- #1
zohapmkoftid
- 27
- 1
Homework Statement
Let A and B be n × n matrices. Show that if AB = I, then also BA = I, so A and B
are invertible, A = B^{−1} and B = A^{−1}.
How can I prove this?
Thanks
cristo said:How do you think you should go about solving the problem? Show some work!
fzero said:Can you compute ABA?
zohapmkoftid said:The thing confuses me is the definition of inverse
B is the inverse of A if AB = BA = I
B is the inverse of A if AB = I
Which one is the correct definition?
ABA = IA
A^{-1}ABA = A^{-1}A
BA = I
fzero said:You're supposed to show that if AB = I, then BA=I as well, so the two definitions are equivalent.
This isn't a proof since you assumed the existence of the inverse of A, which is what you're trying to prove.
zohapmkoftid said:Could you give me some hints?
fzero said:You're given AB = I. You can therefore show that ABA = A. What about BAB? What can you conclude about BA given what happens when you multiply with it on the left or right of these matrices?
zohapmkoftid said:1. Homework Statement
Let A and B be n × n matrices. Show that if AB = I, then also BA = I, so A and B
are invertible, A = B^{−1} and B = A^{−1}.
How can I prove this?
Thanks
HallsofIvy said:But the problem did not say, initially, that A and B are invertible. That was one of the things to be shown.
The problem description is clear, with little room for interpretation. We are given that AB = I, with A and B n x n matrices.Susanne217 said:HallsofIvy,
I know you have the ability to use the force at a higher level than the rest of us.
But the assigment does say
"Show that if AB = I, then also BA = I, so A and B
are invertible."
In my opinion it all comes down to how you read the problem at hand.
You are starting by assuming that which is to be proved.Susanne217 said:1) For A and B to be invertible then they must live up to AB = I, which implies that either
AA^-1 = I if B = A^-1. Or if BA = I which implies that A = B^-1.
Susanne217 said:2) Hence then for the matrix product to exist then it has to live up to the row column rule. Then I choose A and B to be square matrices, then A*B = AB exists.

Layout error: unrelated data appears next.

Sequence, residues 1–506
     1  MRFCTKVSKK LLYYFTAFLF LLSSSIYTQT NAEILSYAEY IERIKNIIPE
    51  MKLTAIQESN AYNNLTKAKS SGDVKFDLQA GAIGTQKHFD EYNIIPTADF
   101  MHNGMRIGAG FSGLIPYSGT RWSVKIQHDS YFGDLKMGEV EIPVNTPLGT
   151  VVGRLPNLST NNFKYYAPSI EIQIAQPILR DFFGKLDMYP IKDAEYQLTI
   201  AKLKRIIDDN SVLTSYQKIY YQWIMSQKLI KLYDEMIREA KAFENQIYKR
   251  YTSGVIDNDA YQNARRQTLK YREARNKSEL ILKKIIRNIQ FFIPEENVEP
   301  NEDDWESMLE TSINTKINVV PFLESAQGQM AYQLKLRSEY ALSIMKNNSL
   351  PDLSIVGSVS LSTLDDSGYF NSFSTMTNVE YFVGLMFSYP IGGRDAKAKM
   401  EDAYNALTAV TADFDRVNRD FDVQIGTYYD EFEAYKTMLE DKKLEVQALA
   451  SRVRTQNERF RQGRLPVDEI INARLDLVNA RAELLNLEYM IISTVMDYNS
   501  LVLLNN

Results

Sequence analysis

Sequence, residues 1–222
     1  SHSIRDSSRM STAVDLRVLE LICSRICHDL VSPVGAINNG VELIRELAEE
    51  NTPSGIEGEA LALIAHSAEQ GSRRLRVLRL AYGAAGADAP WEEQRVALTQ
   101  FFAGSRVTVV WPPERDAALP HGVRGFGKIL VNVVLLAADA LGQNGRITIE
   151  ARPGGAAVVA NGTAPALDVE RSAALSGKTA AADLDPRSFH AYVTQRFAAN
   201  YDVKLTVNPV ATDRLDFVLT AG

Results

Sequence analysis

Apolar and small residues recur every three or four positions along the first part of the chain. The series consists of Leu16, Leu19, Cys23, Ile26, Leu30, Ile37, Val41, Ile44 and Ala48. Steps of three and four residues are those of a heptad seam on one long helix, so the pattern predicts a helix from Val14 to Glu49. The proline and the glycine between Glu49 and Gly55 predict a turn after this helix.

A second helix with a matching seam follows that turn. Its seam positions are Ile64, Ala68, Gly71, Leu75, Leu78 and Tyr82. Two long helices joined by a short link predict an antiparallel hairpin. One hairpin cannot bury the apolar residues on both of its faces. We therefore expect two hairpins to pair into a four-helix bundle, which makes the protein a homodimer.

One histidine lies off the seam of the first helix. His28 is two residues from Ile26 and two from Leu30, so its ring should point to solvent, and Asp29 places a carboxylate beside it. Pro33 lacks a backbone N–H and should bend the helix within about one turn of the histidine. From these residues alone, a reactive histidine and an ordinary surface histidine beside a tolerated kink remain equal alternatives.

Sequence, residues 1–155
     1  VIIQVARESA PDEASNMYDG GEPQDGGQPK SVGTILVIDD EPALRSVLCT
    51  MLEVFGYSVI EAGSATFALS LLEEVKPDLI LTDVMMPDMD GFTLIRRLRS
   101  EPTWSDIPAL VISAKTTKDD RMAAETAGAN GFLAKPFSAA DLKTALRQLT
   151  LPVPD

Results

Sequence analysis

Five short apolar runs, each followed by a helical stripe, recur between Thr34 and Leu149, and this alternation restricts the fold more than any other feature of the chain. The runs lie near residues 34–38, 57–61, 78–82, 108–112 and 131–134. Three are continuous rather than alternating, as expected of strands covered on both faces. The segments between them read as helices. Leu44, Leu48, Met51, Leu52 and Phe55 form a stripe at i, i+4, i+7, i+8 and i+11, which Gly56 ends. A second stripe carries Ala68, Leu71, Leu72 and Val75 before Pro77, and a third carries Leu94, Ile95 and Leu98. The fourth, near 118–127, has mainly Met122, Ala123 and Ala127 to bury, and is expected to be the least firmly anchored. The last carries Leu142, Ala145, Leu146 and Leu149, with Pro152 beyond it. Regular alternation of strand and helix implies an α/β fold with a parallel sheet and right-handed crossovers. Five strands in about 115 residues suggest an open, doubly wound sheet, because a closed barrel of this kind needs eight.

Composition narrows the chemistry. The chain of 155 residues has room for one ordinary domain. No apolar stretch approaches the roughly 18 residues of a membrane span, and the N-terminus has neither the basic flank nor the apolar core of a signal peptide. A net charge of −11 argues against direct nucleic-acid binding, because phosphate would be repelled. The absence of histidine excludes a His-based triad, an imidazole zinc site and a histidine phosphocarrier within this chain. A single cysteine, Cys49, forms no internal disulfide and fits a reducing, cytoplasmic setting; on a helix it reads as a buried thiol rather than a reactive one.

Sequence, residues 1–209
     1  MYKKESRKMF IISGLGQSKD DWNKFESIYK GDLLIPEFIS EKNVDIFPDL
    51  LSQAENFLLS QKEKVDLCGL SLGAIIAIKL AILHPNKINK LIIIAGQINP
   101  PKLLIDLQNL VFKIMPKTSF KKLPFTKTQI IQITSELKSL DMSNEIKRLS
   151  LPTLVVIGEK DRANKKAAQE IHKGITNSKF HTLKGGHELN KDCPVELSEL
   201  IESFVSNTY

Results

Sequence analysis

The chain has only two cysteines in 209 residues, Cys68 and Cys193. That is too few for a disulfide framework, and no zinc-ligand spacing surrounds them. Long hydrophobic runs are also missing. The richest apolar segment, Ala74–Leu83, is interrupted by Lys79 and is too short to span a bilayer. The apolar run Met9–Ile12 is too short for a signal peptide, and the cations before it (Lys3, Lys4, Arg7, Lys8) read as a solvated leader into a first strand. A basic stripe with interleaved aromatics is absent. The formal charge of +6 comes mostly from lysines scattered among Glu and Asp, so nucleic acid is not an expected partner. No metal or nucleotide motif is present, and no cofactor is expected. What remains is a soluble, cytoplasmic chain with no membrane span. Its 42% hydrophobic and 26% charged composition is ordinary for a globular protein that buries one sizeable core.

3) For A to be invertible then A has to be non-singular. Then if A is non singlar and I replace B with A^-1 and since we know that AB = I, then A is invertible.
Same goes if you if reversed then you will arrive that A and B are both invertible. Hence both AB = I and BA=I.
No, you can't. A single counterexample works just fine for disproving some conjecture but an example does not suffice for proving some conjecture.uvc29 said:It can poove by taking an example
While there's nothing wrong with what you wrote, I don't think it was the intent of the problem. The idea is to show if A has a right inverse B, B is also its left inverse. Then by definition A and B are invertible and are inverses for each other.zohapmkoftid said:Can I prove like this?
AB = I
det(AB) = detI
(detA)(detB) = 1
detA != 0 and detB != 0
Therefore, A^{-1} and B^{-1} exist
AB = I
A^{-1}AB = A^{-1}
B = A^{-1}
BA = A^{-1}A
BA = I
No, that's wrong. In order for A and B to be invertible, both AB= I and BA= I must be true.Susanne217 said:HallsofIvy,
I know you have the ability to use the force at a higher level than the rest of us.
But the assigment does say
"Show that if AB = I, then also BA = I, so A and B
are invertible."
In my opinion it all comes down to how you read the problem at hand.
1) For A and B to be invertible then they must live up to AB = I, which implies that either
AA^-1 = I if B = A^-1. Or if BA = I which implies that A = B^-1.
2) Hence then for the matrix product to exist then it has to live up to the row column rule. Then I choose A and B to be square matrices, then A*B = AB exists.
3) For A to be invertible then A has to be non-singular. Then if A is non singlar and I replace B with A^-1 and since we know that AB = I, then A is invertible.
Same goes if you if reversed then you will arrive that A and B are both invertible. Hence both AB = I and BA=I.
fzero said:Can you compute ABA?
The statement "AB = I" means that the product of matrices A and B is equal to the identity matrix, I. In other words, when matrix A is multiplied by matrix B, the resulting matrix is the identity matrix. This is also known as the inverse property of matrices.
The inverse property of matrices states that when a matrix is multiplied by its inverse, the resulting matrix is the identity matrix. Therefore, if AB = I, it follows that the inverse of matrix A is matrix B, and vice versa. This is why the statement "AB = I" is often referred to as the inverse property of matrices.
Yes, for example, consider the following matrices:
A = [2 0; 0 1] and B = [1/2 0; 0 1]
When A is multiplied by B, the resulting matrix is the identity matrix I = [1 0; 0 1]. Therefore, AB = I, proving the statement.
The statement "AB = I" means that when matrix A is multiplied by matrix B, the resulting matrix is the identity matrix. On the other hand, the statement "BA = I" means that when matrix B is multiplied by matrix A, the resulting matrix is the identity matrix. While they may seem similar, the order of multiplication is different and can result in different outcomes.
Proving the statement "AB = I, then BA = I" is important because it helps to establish the inverse property of matrices. This property is a fundamental concept in linear algebra and is used in various applications, such as solving systems of equations and finding inverses of matrices. Additionally, proving this statement helps to strengthen our understanding of matrix operations and their properties.